"Every manufacturer has their own way of doing things, but one thing we all have in common is we do take the dimensions from the dealer and work in a shrink factor," Moreland says. "Really, the last thing we want is for a dealer to already figure some shrink into a liner, and then have us to the same thing. Now you’ve really got too much stretch figured into it.
"So we’re always looking for the on-site dimensions. We’ll make the modifications based on time of year, weather, the pattern color — will it collect sun and stretch more? — things like that."
LOOP-LOC’s assistant sales manager Bill Hanley says his company offers three options for liner fit, and lets the installer make the decision based on what he or she is comfortable with.
"We have the full fit, which is more for winter months, a standard fit, and we have a snug fit, which is for the hotter months," he explains. "Depending on where you’re installing, the liner sometimes determines the fit option you will choose. Down south, for example, it’s hotter longer, so they’re more likely to always request a snug fit. We allow our dealers to choose the fit that is best for them and the conditions of their install area."
Should an inexperienced builder request, say, a snug fit for a May install in Massachusetts, LOOP-LOC would gently steer the customer into getting a standard fit and seeing how it goes.
"If they [still] want to go with a snug fit, they certainly can," Hanley says. "Installers know what they like, and each has his own way of doing things. We want to make liners custom for what the installer likes." This system not only takes the guesswork out of the hands of the measurer, it puts important decisions into the hand of professional vinyl fabricators who make them daily.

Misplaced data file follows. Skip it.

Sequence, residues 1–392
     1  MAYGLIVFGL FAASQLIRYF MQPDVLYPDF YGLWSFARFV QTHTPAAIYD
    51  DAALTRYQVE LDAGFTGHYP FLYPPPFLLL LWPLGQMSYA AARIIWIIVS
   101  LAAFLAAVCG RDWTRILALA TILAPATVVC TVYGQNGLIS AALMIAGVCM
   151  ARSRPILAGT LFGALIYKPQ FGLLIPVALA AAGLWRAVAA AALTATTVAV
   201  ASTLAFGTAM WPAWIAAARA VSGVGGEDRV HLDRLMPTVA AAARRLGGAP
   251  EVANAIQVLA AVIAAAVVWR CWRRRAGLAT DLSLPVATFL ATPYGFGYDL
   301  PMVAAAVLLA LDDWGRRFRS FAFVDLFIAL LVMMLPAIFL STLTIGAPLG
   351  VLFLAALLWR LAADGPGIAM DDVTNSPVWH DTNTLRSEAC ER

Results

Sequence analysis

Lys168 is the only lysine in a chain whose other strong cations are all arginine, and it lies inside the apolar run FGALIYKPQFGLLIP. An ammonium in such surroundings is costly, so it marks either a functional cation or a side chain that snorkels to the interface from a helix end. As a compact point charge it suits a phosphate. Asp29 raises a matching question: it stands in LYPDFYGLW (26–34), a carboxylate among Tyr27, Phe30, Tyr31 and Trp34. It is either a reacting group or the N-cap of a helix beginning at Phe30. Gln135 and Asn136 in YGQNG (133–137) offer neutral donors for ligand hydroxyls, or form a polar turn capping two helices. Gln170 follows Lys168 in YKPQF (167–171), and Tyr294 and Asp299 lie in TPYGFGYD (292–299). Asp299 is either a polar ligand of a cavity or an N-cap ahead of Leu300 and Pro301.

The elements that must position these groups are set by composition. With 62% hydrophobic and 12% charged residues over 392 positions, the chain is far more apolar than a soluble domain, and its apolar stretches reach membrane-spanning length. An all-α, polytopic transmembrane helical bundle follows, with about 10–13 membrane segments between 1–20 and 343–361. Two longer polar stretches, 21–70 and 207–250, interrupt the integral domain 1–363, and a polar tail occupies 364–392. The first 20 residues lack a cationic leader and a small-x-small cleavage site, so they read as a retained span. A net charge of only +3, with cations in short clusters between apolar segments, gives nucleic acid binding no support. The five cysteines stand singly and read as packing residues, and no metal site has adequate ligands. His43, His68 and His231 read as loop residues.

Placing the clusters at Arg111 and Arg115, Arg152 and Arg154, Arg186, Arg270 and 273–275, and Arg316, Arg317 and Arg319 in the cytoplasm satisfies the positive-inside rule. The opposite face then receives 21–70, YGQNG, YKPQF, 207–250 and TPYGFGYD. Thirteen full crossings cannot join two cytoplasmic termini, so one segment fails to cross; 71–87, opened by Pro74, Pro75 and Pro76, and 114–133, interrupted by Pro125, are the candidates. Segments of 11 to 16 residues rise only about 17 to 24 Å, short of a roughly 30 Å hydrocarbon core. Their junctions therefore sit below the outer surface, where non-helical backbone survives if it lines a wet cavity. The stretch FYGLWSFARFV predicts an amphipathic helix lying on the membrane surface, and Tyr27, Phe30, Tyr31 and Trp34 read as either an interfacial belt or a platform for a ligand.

As much as vinyl installers try to push the boundaries of the material’s usage, there are some cases where it’s best to temper designs to accommodate vinyl’s limitations. While no fabricator would come out and say they can’t do a tight radius on a set of steps, for example, they’ll all suggest a wider sweep makes things a bit easier on everyone.
VynAll and Plastimayd come right out and tell designers to avoid the practice, citing the problem of puckering on steps where the riser meets the tread, especially near the surface of the water. They’ll cut the patterns if that’s what’s specified, but not without a word of caution.
LOOP-LOC tends to be more liberal in this area, and has even created a machine for seaming tight corners, according to Hanley.
Tight curves and corners can also cause headaches for the installer when he’s preparing the measurements. Often times, the installer will create a template of the area and send that to the factory in addition to the measurement to guard against mistakes.
Corallo does this, with VynAll’s blessing. Not all fabricators subscribe to the principle, though.
"It’s not something we really prefer or recommend at Merlin," says Moreland. "But you’re going to have dealers that do it that way, and that’s OK. We can work with them. The problem with template, though, is it’s very difficult on the manufacturing end to recreate the template."